Monday, July 15, 2024
HomeCountriesArgentinaArgentina forced into a 'technical' default

Argentina forced into a ‘technical’ default


1 July 2014 – Argentina has been judged to be in technical default on some of its debts as talks at the end of a 30-day grace period on a bond payment blocked by US courts broke up. (1)

It follows a case brought by two US vulture funds, NML Capital and Aurelius Capital Management, who bought Argentine debt for pennies in the dollar following its last default in 2001, and are seeking huge profits through the legal action.

Commenting on the situation, Sarah-Jayne Clifton, Director of Jubilee Debt Campaign said:

“This situation has been forced upon Argentina by predatory vulture fund speculators and the bizarre rulings of a US judge. Thankfully this time the default is unlikely to have a serious impact on Argentina. Its first default in 2001 actually kick-started economic recovery.”

“Paying the vulture funds, on the other hand, would be genuinely disastrous, leading to billions of dollars in counter-claims from other holders of the debt. This case will have a deeply troubling global impact, making it harder for countries across the world to resolve future debt crises.”

Argentina defaulted in 2001 following a two decades long economic crisis, a result of irresponsible lending to its military junta in the 1970s and 1980s and closely following IMF economic policy requirements. The 2001 default happened after debt payments reached a completely unmanageable 45 per cent of export revenues.

Prior to the default the Argentinian people suffered four years of recession. However, after the default its economy began to grow almost straight away. Through the 1990s economic crisis, the proportion of people living on less than $2 a day increased from 3% to over 20%. Following the default, the poverty rate fell rapidly, to 9% by 2005 and less than 2% today.(2)

US vulture funds NML Capital and Aurelius Capital Management bought debts following the default, knowing that Argentina was unable to pay. 93% of the country’s creditors agreed to reduce the amount owed to 30 cents in every dollar. The vulture funds refused to accept this and have been seeking payment in full through legal action in the US, through which Argentina’s debt repayments are routed. Analysts estimate that would represent a profit of over 1000%.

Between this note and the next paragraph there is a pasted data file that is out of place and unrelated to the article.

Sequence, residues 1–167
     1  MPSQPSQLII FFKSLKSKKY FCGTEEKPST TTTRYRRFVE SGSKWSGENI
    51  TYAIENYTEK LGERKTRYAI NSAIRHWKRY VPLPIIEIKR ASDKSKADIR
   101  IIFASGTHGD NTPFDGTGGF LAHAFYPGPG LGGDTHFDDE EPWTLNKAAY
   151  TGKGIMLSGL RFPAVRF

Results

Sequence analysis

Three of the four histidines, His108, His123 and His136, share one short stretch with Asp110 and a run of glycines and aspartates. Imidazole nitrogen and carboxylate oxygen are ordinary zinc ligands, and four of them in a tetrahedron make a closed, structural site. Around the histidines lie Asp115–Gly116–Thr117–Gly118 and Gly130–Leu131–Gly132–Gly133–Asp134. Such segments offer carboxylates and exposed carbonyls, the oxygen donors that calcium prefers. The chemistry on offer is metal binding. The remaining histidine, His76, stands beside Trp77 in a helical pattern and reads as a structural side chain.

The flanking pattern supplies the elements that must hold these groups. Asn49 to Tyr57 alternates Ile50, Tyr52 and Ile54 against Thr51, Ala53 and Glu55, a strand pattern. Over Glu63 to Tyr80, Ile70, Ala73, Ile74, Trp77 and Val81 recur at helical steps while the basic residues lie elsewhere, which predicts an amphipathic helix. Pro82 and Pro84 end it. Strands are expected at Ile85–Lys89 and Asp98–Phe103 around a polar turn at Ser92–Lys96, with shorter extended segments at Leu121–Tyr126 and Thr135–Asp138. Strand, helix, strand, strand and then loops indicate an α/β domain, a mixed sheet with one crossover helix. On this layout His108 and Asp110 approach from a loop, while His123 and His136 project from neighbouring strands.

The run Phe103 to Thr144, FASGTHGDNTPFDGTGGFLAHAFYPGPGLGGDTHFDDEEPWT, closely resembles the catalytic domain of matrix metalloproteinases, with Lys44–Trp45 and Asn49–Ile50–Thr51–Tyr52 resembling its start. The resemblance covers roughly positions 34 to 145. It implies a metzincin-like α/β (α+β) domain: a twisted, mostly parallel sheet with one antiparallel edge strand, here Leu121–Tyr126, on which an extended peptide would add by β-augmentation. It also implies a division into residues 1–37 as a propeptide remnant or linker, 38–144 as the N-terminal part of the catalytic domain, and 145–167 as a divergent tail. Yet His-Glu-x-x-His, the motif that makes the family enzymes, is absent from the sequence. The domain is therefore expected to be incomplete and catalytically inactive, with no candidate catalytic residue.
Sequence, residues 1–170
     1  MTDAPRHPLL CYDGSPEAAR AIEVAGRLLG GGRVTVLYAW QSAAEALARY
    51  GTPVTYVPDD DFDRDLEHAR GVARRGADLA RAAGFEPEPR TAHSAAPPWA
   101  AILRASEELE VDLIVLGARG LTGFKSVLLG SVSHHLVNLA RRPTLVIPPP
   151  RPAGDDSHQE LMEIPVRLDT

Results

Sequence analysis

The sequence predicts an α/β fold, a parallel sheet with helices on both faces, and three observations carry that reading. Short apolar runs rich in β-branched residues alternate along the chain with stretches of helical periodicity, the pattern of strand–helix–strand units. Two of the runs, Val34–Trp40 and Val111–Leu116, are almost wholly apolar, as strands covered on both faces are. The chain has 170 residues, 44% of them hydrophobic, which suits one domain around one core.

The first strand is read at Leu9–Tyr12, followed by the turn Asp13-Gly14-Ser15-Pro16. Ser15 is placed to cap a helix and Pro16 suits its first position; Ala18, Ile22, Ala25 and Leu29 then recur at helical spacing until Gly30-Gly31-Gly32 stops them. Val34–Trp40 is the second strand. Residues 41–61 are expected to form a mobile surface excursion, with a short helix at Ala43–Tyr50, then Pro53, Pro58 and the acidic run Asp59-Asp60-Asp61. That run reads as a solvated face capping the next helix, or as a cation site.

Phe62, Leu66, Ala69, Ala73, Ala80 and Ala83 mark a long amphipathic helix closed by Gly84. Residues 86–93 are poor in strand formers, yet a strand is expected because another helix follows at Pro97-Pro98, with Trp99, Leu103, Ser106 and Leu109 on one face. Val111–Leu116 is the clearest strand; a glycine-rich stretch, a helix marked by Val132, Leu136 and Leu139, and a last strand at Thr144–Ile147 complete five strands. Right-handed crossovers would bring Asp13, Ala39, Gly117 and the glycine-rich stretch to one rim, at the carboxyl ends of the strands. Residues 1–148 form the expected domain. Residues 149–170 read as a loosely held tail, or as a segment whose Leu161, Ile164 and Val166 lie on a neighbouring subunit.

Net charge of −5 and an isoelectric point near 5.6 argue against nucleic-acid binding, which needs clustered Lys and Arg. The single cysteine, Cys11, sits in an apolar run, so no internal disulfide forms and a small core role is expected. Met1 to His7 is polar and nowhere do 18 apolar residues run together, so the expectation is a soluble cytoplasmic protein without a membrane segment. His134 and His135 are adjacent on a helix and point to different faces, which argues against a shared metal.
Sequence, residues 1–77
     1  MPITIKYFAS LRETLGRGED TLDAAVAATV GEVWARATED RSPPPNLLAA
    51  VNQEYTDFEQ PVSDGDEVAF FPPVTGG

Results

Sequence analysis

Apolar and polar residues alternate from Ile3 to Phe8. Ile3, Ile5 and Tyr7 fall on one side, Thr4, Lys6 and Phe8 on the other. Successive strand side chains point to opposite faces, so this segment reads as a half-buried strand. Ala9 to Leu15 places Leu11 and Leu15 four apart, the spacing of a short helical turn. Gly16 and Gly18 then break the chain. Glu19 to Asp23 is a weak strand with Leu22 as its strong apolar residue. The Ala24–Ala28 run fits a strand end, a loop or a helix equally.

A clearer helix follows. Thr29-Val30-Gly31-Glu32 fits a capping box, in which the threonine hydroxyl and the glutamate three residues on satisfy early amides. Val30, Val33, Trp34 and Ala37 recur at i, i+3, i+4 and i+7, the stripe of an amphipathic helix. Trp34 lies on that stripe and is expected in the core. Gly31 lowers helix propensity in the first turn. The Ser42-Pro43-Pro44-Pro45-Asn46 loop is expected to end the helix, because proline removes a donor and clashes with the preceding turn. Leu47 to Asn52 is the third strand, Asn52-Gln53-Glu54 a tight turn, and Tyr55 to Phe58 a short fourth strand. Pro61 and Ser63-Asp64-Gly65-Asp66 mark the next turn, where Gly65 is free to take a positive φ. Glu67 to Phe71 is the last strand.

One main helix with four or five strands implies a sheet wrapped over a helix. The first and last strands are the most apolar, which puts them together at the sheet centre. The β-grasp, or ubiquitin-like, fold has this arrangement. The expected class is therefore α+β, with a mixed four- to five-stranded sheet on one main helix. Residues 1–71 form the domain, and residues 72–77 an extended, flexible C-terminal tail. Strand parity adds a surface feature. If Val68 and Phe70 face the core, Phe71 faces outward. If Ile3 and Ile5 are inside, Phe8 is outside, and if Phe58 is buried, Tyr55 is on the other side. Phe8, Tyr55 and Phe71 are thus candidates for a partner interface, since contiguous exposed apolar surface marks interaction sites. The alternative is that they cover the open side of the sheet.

New York court Judge Griesa has ruled that the vulture funds should be paid in full before any other creditors are paid, and made it illegal for US banks to process Argentina’s payments to the 93% of creditors who accepted the debt restructuring unless Argentina pays the vultures. Argentina launched an appeal to the US Supreme Court but it refused to hear the appeal.

Much of Argentina’s large debt first originates from the military dictatorship in the 1970s, when more than 30,000 people were ‘disappeared’. Campaigners in Argentina are calling for an audit into the debt and the ending of payments on all illegitimate debts which originated in this period.


1. Reuters has reported that S&P has cut Argentina’s credit rating to ‘selective default’:

2. World Bank, World Development Indicators database.


If you want to sign the Jubilee Debt UK’s petition in support of the Argentine government in its fight against the vulture funds, you can access it here.


This article is funded by readers like you

Only with regular support can we maintain our website, publish LAB books and support campaigns for social justice across Latin America. You can help by becoming a LAB Subscriber or a Friend of LAB. Or you can make a one-off donation. Click the link below to learn about the details.

Support LAB